An Accra Circuit Court has discharged Mary Maxine Selasie, the 54-year-old British school counselor at the Ghana International School (GIS) who was alleged by the police to have been involved in marijuana (wee) business. The court presided over by Eric Kyei Baffour struck out the narcotics charges leveled against Maxine following prosecution’s plea that the owner of the said cannabis had owned up. Maxine Selasie was discharged on January 10, 2011, after the prosecution told the court that “the owner of the substance has admitted and we are before you to pray for the discharge of A1 (first accused person).” Maxine was arrested on Saturday November 20, 2010 at her residence at Tema Gulf City, following the discovery of some parcels suspected to contain wee. Five others in her neighbourhood, Nukunu Kwame Gakpetor, 48, Rashid Raman Kofi, 32, Moses Kudjo Gakpetor, 50, Kobla Amedzor Gakpetor, 42 and Seth Kwaku Agama, 48, were also arrested. These persons are not her accomplices as alleged previously but were also picked up in their various homes. Maxine, who spoke to DAILY GUIDE after she was discharged by the court, said she was sad that in a democratic country like Ghana, people could be declared guilty before they were proven so or otherwise. She maintained that she was not in any way involved in the narcotics trade and had never smoked in her life. “I am a professional and have lived in Ghana for almost 10 years without any trouble,” she noted. Maxine, originally from Guyana, South America, has been in the employment of the British school for the past six years. She said she had so far executed her job dutifully without any complaint about her conduct whatsoever. Furthermore, she is mostly resident in Accra because of the location of her office while she travels to Tema only on weekends. Maxine used the opportunity to express her gratitude to the management and staff of GIS, as well as her parents for their understanding and unflinching support during her difficult moments. “I thank my family and friends also who have stood steadfastly by me during these trying moments.” Maxine, who has two children and is a grandmother to three, told DAILY GUIDE that the six weeks she spent in the cells at the CID Headquarters had been very distressful for her and her family since everything was topsy-turvy following newspaper publications that she was peddling drugs. She however hoped that with her discharge, things would get back on track as she tries to pick up the pieces and move on with her life.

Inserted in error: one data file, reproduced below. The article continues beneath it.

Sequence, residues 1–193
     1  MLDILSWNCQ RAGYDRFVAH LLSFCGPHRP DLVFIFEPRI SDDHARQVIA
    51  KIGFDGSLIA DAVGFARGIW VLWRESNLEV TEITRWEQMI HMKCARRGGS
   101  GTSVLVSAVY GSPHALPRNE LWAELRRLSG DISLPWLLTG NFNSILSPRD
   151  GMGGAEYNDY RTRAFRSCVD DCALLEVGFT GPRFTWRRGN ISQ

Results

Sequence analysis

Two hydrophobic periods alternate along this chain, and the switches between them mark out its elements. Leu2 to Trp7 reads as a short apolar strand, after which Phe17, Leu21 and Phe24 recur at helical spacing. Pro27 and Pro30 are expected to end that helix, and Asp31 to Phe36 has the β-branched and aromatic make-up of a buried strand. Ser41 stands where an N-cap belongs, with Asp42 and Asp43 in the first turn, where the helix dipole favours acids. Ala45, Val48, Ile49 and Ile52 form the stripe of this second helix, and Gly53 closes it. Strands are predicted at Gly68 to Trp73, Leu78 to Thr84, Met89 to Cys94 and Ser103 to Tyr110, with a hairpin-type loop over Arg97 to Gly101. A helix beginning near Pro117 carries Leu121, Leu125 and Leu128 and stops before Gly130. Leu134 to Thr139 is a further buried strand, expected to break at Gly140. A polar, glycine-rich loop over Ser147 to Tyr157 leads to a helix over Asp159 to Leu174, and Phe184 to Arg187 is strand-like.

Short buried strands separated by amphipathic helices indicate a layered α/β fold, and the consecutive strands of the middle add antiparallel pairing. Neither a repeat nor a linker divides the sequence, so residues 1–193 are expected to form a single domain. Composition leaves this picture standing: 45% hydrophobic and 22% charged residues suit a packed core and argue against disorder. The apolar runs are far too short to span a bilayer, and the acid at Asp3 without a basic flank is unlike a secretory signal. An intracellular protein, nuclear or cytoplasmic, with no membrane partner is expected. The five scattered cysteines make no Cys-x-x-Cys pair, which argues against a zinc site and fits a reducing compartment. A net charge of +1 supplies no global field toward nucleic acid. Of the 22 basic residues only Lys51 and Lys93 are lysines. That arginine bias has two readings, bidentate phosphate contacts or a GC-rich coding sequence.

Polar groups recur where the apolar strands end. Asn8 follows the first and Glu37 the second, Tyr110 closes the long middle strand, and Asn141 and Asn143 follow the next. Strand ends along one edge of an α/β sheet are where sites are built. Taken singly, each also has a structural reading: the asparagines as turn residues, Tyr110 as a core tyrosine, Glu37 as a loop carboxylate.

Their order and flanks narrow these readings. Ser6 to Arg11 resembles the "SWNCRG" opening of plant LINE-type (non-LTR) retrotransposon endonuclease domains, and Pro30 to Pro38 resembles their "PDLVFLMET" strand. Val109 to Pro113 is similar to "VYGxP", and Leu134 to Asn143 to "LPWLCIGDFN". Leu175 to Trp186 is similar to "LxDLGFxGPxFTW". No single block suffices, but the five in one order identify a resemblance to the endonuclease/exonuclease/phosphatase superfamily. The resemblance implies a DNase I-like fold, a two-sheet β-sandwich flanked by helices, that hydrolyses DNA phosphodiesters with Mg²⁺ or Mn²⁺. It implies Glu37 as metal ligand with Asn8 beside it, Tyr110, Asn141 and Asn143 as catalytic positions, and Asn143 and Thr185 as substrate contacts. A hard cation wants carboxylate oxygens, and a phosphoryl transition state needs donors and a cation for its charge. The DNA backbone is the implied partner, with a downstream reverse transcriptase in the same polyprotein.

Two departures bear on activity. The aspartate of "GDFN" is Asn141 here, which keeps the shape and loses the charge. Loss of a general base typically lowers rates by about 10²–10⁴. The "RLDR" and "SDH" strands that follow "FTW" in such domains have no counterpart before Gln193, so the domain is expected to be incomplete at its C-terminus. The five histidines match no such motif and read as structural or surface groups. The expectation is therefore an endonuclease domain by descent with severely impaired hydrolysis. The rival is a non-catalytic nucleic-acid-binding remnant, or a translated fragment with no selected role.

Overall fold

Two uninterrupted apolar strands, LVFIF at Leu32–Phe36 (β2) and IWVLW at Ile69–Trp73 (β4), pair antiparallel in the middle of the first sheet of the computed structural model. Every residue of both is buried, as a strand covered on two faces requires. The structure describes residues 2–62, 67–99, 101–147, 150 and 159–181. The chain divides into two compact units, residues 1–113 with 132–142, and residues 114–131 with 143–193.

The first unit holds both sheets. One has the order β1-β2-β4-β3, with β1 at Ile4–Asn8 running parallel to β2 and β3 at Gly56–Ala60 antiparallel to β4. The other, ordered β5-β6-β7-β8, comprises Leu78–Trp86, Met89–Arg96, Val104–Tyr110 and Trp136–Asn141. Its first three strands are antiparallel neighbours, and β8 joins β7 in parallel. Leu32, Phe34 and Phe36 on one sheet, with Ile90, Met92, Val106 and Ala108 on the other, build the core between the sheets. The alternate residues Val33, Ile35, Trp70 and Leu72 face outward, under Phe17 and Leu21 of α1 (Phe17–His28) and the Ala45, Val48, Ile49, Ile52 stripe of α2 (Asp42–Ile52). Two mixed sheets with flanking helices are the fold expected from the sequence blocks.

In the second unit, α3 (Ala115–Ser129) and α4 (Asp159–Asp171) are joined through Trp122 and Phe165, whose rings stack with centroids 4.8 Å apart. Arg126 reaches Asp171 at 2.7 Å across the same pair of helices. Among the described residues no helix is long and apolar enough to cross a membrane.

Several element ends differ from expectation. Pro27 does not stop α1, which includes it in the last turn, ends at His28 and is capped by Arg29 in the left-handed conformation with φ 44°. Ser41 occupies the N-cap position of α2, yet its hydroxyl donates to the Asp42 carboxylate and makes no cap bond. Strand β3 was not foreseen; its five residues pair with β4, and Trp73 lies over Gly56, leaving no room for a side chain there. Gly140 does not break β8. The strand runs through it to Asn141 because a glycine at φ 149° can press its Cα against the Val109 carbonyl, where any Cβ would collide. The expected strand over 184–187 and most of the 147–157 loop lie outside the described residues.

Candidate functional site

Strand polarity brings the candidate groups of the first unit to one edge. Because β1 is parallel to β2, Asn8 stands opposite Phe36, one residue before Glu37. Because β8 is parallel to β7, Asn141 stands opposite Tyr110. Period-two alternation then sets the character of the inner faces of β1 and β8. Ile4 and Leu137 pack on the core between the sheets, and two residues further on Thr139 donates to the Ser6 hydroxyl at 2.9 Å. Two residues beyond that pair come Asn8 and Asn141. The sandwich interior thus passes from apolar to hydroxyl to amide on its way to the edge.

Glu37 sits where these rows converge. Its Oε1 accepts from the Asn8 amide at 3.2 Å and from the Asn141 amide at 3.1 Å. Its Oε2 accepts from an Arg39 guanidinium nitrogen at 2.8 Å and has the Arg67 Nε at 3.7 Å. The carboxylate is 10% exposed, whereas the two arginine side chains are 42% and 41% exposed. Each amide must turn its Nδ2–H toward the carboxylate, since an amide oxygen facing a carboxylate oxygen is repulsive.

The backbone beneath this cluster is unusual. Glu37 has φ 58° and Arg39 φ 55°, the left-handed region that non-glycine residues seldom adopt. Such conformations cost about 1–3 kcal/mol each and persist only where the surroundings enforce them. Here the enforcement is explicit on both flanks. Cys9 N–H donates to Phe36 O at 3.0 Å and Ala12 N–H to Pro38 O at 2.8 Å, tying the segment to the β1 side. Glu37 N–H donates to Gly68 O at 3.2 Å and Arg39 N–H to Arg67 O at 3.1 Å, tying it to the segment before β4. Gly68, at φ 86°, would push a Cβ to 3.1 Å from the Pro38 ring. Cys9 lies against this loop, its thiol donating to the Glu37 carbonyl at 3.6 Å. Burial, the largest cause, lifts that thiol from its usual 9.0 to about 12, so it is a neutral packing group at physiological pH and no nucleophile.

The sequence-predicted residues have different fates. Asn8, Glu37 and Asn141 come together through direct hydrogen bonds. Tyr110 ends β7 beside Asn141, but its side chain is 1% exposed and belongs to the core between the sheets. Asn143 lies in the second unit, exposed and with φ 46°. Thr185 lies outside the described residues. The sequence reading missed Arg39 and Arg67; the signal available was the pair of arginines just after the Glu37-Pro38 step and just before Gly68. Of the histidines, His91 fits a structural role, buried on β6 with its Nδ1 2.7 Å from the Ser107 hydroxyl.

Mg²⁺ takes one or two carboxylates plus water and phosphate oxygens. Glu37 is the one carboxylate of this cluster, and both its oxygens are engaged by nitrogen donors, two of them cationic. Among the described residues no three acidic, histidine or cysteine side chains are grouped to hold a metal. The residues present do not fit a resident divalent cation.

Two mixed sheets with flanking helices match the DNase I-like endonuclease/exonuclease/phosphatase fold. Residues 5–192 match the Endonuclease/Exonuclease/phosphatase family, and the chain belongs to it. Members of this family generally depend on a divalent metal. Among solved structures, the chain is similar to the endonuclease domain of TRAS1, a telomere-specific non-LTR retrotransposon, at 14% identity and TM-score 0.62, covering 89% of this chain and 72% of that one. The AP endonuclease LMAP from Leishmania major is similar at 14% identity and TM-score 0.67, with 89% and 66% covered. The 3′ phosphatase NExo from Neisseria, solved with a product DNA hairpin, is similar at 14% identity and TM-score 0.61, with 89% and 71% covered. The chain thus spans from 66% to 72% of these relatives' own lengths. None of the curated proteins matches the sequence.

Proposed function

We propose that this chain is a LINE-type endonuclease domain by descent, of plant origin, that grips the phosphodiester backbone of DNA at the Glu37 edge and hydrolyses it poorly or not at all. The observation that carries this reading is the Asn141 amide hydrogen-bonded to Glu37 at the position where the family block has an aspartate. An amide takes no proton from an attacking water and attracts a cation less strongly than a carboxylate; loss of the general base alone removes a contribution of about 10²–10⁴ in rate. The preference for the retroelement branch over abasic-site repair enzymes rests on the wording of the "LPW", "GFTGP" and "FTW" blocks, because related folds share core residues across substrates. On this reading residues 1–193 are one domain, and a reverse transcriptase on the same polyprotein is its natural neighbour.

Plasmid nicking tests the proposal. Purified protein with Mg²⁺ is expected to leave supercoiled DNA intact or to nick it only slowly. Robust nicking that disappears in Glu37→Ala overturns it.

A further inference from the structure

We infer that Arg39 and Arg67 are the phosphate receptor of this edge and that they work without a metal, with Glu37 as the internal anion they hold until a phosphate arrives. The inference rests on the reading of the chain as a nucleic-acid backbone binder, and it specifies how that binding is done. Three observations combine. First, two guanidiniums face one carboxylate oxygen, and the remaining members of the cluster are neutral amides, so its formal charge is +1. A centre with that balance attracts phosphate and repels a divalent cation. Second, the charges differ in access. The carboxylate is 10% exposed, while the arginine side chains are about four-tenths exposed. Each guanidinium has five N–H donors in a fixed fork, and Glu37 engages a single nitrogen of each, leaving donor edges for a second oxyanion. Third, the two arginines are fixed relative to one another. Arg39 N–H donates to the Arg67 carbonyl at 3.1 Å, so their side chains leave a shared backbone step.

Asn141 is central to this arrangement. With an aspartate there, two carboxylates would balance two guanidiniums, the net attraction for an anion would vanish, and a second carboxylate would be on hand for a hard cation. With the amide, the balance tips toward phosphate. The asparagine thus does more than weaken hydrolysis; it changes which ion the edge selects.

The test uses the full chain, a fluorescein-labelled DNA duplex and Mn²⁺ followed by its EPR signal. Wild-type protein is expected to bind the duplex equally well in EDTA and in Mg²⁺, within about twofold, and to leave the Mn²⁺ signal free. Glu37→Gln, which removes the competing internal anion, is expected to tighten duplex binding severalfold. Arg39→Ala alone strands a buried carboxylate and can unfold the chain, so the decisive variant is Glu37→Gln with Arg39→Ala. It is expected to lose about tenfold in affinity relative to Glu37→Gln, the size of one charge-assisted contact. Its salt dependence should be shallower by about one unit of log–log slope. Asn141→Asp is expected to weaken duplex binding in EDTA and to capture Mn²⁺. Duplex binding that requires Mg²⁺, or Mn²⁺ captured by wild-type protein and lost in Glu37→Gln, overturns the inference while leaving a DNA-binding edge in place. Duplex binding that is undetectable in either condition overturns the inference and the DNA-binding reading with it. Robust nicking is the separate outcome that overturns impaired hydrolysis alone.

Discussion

Source: Daily Guide